Career breaks are becoming increasingly common, and accepted, in the legal sector and are occurring for a variety of reasons from parental leave, further studies, travel (although less-so recently), attending to family needs, sickness, burnout, mental health reasons or a change in career path.
When looking to return into the legal sector many candidates are unsure how to approach talking about this on their CV or with potential employers in an interview, particularly if there is sensitivity around the situation. Our recommendation is to honestly explain the break in your cover letter or when face to face. You can do this at a high level, but being transparent and communicating honestly is the key as most employers tend to be understanding of people's personal situations and how that may impact on their career at a particular point in time. A recruiter is immensely valuable in this interaction as they can advocate for you and position your career break to your advantage, giving advice about how best to communicate the reason behind your break especially where it may be a sensitive topic.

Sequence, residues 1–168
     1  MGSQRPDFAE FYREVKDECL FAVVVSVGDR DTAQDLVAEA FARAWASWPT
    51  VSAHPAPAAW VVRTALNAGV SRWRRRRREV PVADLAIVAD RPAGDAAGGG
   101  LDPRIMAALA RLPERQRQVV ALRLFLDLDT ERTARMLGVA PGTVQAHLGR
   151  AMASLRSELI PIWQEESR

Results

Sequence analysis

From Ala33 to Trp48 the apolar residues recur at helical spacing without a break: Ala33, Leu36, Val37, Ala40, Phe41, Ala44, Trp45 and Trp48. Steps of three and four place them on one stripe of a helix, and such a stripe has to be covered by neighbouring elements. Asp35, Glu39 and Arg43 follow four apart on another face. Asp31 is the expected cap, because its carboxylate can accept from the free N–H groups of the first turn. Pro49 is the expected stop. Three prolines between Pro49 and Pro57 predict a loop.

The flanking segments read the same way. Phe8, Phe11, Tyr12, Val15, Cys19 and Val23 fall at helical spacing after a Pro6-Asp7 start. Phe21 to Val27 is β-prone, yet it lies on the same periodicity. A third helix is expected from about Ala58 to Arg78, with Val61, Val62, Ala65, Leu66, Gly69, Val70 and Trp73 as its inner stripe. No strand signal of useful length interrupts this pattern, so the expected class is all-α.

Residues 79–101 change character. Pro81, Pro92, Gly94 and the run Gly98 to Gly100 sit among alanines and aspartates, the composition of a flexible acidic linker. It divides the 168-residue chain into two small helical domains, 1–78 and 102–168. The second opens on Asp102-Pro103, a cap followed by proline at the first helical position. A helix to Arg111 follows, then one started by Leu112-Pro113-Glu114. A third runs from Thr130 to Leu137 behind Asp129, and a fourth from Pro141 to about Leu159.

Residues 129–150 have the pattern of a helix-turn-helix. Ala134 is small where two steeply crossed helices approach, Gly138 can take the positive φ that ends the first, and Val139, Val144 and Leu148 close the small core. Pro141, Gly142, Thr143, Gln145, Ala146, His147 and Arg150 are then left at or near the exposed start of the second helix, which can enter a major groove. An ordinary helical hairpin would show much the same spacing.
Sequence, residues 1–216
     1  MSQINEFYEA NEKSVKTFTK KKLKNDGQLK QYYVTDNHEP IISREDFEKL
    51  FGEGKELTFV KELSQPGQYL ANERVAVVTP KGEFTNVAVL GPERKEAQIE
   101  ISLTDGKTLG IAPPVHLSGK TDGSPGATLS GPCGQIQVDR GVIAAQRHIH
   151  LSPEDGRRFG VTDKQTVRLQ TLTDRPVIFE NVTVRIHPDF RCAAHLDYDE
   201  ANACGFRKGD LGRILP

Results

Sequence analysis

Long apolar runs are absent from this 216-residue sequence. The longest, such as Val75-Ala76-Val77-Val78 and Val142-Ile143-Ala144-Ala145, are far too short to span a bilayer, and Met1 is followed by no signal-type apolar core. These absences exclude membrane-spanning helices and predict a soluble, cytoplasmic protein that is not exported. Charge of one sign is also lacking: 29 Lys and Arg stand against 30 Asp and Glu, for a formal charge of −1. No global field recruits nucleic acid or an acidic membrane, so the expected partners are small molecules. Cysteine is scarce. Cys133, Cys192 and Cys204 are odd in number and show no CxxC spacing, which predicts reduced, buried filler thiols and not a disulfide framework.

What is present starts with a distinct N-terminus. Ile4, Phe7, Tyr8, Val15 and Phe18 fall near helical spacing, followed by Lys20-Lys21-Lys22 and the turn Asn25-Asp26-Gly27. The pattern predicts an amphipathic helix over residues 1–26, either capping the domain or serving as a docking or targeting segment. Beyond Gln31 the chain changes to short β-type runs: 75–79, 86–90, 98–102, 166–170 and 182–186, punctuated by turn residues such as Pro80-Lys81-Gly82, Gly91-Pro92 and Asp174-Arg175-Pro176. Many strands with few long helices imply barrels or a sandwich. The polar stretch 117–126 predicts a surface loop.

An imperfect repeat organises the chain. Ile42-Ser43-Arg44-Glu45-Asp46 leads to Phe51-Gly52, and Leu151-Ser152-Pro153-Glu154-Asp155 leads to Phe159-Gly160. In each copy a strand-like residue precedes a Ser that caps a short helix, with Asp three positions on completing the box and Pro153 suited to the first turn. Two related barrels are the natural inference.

The current talent shortage in the legal sector means both in-house legal and law firms are much more open to hiring trained lawyers returning from career breaks, a welcomed change. Depending on how long you have been on a career break for, it's also heartening to understand that firms have had to make some changes over the last few years, many spurred on by COVID, there is more flexibility and balance on offer than ever before. When applying for roles consider both your professional and personal goals and ensure that you are seeking roles that suit your lifestyle. One option in re-entering law is looking at any contract roles - this is beneficial on many levels as it gives you relevant and recent experience to build from for your next opportunity and reduces the risk for both you and the employer to see how the role goes before committing longer term. The longer you have been out of the legal market, the more flexible you might need to be on your salary expectations (e.g.starting at a lower salary than when you left the legal profession) to account for the fact that there will be a period of getting back up to speed with changes in the law and the area you'll be practising in. This isn't to say that decent salary increases aren't possible once you've refreshed your knowledge and skills in the area you’re practising in. Firms are eager to get good people on board and know that legal skills are like riding a bike in terms of picking them up again.
If you are on a career break and thinking about returning to a role as a lawyer get in touch with the Specialist recruiters at CoLegal to help you in your transition.